On Friday, youth across the country are expected to participate in school walkouts to send a message to the Supreme Court that they support Deferred Action for Childhood Arrivals (DACA), an immigration policy the justices will hear oral arguments on next week.
In Washington, DC, youth from the DMV area will meet at Union Station, Capitol South Metro Station and Judiciary Square to begin trekking to the Supreme Court Building, where they will end their walkout with a rally. Across the country, students in California, Illinois, Arizona and Oklahoma will be hosting similar demonstrations.
“The students, made up of DACA recipients, undocumented students and U.S. citizen allies, will highlight that their home is here and they are here to stay,” reads a press advisory from United We Dream, a national immigrant youth-led network and one of the organizers of the student walkouts.
On Tuesday, the Supreme Court will hear oral arguments on the lawfulness of President Donald Trump’s termination of the Obama-era program. Since 2012, DACA has provided temporary protection from deportation in addition to eligibility for work permits to more than 800,000 undocumented people. In 2017, the Trump administration rescinded the program, saying it was established “without proper statutory authority.” As such, Trump ordered his administration to stop renewing the temporary work permits for those in the DACA program. His order, however, was blocked by several courts — with three cases headed to the high court.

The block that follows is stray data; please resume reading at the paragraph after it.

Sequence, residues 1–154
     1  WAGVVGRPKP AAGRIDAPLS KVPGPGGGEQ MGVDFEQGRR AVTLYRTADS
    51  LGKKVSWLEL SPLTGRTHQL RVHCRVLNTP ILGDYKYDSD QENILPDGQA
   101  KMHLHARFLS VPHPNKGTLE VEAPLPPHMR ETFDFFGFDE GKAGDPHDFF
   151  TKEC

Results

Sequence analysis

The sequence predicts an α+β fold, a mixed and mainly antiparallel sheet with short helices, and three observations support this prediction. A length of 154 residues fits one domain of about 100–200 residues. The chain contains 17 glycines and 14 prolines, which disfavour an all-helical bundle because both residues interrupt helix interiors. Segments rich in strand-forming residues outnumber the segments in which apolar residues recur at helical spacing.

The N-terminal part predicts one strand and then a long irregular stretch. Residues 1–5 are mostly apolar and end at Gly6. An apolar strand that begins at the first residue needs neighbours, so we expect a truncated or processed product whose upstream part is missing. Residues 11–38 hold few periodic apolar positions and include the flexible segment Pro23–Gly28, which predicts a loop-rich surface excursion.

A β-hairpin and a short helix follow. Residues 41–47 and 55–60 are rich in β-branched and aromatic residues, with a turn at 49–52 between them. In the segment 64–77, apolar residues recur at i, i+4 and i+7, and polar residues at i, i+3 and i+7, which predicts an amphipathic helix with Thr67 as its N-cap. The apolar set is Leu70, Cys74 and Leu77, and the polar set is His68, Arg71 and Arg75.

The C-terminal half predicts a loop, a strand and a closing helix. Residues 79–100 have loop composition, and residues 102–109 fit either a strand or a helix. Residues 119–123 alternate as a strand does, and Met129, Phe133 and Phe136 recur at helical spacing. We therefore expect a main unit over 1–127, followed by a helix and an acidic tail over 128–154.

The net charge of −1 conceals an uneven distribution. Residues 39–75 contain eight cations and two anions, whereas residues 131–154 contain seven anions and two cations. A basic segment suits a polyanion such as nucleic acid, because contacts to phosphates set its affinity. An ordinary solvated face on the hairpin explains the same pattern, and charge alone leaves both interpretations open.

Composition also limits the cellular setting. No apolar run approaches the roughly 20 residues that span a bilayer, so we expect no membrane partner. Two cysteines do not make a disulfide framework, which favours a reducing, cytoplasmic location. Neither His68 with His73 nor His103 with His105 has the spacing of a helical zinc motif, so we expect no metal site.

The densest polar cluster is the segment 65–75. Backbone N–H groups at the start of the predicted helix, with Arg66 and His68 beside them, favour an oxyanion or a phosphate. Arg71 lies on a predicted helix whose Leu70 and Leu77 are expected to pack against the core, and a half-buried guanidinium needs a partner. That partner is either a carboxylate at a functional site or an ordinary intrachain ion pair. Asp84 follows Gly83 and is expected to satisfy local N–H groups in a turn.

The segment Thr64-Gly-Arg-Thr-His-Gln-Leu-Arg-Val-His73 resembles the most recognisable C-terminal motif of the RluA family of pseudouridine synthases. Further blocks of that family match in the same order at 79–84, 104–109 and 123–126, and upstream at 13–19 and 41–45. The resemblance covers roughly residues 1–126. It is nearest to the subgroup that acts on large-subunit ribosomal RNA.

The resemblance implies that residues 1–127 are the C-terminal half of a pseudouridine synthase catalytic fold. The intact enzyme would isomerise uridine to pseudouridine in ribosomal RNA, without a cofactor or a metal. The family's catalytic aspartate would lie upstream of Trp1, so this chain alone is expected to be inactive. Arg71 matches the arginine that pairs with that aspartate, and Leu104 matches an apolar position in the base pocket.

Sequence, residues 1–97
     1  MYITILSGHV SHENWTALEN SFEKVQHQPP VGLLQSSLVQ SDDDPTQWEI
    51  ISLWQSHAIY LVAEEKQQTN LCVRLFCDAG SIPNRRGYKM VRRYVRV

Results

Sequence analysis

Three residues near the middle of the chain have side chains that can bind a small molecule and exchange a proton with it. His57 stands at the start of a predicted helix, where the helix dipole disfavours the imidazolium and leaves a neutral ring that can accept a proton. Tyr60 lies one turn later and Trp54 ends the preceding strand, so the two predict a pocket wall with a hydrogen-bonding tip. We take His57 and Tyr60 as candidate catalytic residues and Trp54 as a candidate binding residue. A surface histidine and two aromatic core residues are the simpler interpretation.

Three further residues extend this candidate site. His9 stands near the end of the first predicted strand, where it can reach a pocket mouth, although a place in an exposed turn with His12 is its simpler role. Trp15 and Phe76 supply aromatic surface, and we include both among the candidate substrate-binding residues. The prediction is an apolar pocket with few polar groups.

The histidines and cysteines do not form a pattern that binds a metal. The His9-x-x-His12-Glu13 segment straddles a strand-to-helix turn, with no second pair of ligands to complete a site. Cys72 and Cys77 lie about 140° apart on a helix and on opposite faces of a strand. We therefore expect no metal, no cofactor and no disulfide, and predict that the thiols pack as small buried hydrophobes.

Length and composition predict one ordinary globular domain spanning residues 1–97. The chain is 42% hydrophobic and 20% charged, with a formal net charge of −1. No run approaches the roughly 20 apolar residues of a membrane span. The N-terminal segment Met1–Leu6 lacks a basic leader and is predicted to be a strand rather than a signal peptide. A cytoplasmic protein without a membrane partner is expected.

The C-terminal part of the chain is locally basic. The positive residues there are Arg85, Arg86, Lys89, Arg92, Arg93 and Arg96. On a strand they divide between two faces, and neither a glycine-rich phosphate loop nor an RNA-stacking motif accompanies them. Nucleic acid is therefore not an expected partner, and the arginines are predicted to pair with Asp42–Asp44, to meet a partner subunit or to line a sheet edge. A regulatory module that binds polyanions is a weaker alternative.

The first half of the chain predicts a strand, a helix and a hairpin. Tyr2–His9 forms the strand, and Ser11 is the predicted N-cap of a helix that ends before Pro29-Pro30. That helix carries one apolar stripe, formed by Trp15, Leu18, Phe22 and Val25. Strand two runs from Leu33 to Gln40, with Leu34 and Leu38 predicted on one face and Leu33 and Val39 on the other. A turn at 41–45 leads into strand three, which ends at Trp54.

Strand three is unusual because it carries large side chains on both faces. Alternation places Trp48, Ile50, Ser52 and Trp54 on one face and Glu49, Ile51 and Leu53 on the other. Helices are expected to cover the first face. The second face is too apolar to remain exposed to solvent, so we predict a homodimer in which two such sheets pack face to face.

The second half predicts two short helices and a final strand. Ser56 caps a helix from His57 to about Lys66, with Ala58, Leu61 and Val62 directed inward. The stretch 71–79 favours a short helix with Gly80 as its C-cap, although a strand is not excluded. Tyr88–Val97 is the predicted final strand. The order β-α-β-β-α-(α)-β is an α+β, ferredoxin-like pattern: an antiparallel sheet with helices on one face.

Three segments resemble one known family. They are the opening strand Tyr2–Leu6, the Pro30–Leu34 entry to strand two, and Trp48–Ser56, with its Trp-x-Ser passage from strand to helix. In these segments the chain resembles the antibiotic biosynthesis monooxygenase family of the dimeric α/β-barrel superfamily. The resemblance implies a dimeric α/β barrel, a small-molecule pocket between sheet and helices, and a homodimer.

“They [will] hear arguments regarding Trump’s unlawful termination of DACA and decide to either uphold the three separate rulings of the lower courts or give the president a greenlight for a new wave of family separation, stripping over 700,000 DACA recipients of work authorization and adding them to the list of residents already being targeted for deportation,” José Alonso Muñoz of United We Dream said in a statement.
The day of the oral arguments, the organization will be rallying outside the Supreme Court alongside the Home is Here Coalition and other immigrant rights activists.
A decision isn’t expected to be made until the first half of 2020.